|Manufacturer||Austin Motor Company Limited|
|Also called||previously Austin Light Twelve-Six|
|Body and chassis|
|Body style||saloon Goodwood cabriolet Goodwood|
|Engine||1711 cc straight-six|
|Transmission||spring-loaded dry clutch with a single clutch-plate carries the two friction rings, 4-speed centrally controlled gearbox with syncromesh on 2nd, 3rd and 4th speeds, linked by an open needle-roller-bearing propellor shaft to a spiral bevel driven three-quarter floating rear axle.|
|Wheelbase||9' 3¾", 111.75 in (2,838 mm) Track F 4' 2", 50 in (1,300 mm) R 4' 5", 53 in (1,300 mm)|
|Kerb weight||Saloon 22½ cwt, 2,520 lb (1,140 kg)|
|Predecessor||Austin Light Twelve-Six|
The Austin Fourteen was a 1.7-litre saloon introduced by Austin in August 1936 and available as a Goodwood saloon—with a fixed or sliding head—or as a Goodwood cabriolet. The body was of steel throughout.Nominally classed by Austin as a Fourteen the actual engine size attracted tax for a 16 horsepower car. The performance of the engine carried over from the Light Twelve-Six proved disappointing and a much smoother revised version with a near 20% improvement in power output was introduced the next year.
The car was supplied with an adjustable steering column and body insulation. It comfortably carried four passengers with room for a small fifth passenger in the centre of the back seat. Even the quarter-lights were supplied with blinds, there were flush fitting footrests in the back of the large, adjustable, front seats with pull straps above. The back floor was flat except for the somewhat pronounced propellor shaft tunnel. The boot was provided with a fitted suitcase, the spare wheel sitting horizontally in the space below. The door could be let down and used as a luggage platform.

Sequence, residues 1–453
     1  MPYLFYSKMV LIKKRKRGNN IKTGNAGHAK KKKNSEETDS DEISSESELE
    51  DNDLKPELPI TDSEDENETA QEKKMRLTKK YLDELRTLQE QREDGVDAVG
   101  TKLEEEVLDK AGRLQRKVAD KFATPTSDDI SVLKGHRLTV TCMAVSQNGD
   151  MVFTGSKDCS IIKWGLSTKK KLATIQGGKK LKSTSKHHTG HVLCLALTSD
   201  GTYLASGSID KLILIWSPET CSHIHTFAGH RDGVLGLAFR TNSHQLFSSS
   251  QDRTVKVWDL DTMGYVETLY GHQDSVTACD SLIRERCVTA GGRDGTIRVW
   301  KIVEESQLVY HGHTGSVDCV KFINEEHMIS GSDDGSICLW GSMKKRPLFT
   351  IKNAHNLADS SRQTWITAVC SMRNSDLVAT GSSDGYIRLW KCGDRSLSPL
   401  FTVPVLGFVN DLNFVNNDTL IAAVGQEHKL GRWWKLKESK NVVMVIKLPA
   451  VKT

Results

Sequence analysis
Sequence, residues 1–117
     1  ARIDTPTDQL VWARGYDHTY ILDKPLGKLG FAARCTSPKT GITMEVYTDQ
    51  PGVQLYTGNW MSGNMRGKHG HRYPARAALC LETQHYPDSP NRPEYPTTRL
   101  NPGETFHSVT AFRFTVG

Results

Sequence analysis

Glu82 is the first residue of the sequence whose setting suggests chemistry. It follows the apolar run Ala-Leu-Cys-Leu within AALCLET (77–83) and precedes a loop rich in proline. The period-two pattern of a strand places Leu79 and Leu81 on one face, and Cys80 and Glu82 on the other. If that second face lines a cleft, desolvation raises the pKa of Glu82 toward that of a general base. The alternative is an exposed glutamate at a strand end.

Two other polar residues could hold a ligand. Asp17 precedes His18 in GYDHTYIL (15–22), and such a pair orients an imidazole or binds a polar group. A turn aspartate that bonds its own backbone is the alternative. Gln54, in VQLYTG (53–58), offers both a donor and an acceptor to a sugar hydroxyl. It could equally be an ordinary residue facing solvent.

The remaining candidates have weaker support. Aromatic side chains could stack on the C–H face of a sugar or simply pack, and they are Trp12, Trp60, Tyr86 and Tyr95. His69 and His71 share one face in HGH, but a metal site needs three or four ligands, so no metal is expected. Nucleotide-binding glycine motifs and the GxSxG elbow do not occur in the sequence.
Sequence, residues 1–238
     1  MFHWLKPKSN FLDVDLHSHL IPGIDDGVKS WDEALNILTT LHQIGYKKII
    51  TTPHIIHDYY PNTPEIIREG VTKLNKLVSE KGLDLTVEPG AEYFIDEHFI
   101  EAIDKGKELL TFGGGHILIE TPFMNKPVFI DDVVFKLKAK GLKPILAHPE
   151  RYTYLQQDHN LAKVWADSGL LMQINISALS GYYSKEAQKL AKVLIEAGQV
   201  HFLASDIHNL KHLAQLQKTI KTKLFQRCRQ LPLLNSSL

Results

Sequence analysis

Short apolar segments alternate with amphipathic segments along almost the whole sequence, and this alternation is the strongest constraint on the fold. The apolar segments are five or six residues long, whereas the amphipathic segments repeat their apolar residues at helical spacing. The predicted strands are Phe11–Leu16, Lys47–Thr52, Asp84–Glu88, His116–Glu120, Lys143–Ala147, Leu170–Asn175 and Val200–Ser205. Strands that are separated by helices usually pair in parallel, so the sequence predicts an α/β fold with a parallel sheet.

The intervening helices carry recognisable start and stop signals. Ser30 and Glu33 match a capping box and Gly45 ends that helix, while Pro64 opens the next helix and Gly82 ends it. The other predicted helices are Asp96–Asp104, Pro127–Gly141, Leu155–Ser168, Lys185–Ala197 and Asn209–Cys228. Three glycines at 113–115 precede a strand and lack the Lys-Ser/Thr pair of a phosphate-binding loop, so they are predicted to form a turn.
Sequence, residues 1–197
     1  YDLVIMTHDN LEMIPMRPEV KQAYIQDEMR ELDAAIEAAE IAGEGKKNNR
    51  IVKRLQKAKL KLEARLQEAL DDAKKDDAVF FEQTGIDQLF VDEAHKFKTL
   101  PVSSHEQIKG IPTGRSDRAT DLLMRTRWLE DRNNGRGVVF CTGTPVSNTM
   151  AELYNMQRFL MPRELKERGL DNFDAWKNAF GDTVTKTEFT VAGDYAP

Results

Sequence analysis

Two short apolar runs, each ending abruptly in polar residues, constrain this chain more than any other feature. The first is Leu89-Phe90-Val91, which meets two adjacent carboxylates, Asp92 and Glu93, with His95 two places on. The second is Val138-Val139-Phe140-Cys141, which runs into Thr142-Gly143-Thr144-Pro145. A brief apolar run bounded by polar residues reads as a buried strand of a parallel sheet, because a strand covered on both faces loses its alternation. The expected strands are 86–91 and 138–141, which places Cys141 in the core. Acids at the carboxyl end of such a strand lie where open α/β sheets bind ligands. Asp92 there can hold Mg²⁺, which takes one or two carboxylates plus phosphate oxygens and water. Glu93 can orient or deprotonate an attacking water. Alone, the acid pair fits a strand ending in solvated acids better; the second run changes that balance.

The monopiece steel roof, doors and floors were insulated against heat and noise. The frame had cruciform centre bracing and its cross members were reversed to form box sections with the side members.
Engine clutch and gearbox were insulated as one assembly from the chassis by live rubber, there being two suspension points in front and one at the back of the gearbox. Silencer and exhaust system were insulated from the chassis by rubber mounting.
Half-elliptical zinc interleaved springs were fitted with self-lubricating discs and controlled by hydraulic shock absorbers. In front the springs were shackled forward and were flat, the back springs underhung.
Brakes by Girling were of the wedge and roller mechanically operated type and the four were worked by hand or foot.
Steering was by hour-glass worm and sector.
The Times' correspondent reported that the engine felt sturdy and willing but that refinement and brilliance were "not its strong points". The extra low pressure tyres allowed lightness and sway at speed he said but the car held the road satisfactorily and 65 miles an hour proved a comfortable maximum speed.
Eight months after the road test was published The Times felt able to report that the Austin Fourteen was now a much improved car.
The engine had been given a new cylinder head, larger downdraught carburettor, larger inlet valves and a higher compression ratio. Power output had moved up from 38.7 bhp at 3,800 rpm to 46 bhp at 4,000 rpm, an increase of near 20%
Now supplied with an improved engine mounting, new pistol grip handbrake, shock absorbers, lubricated road springs and given, like the Twelve, higher and wider doors and a longer bonnet.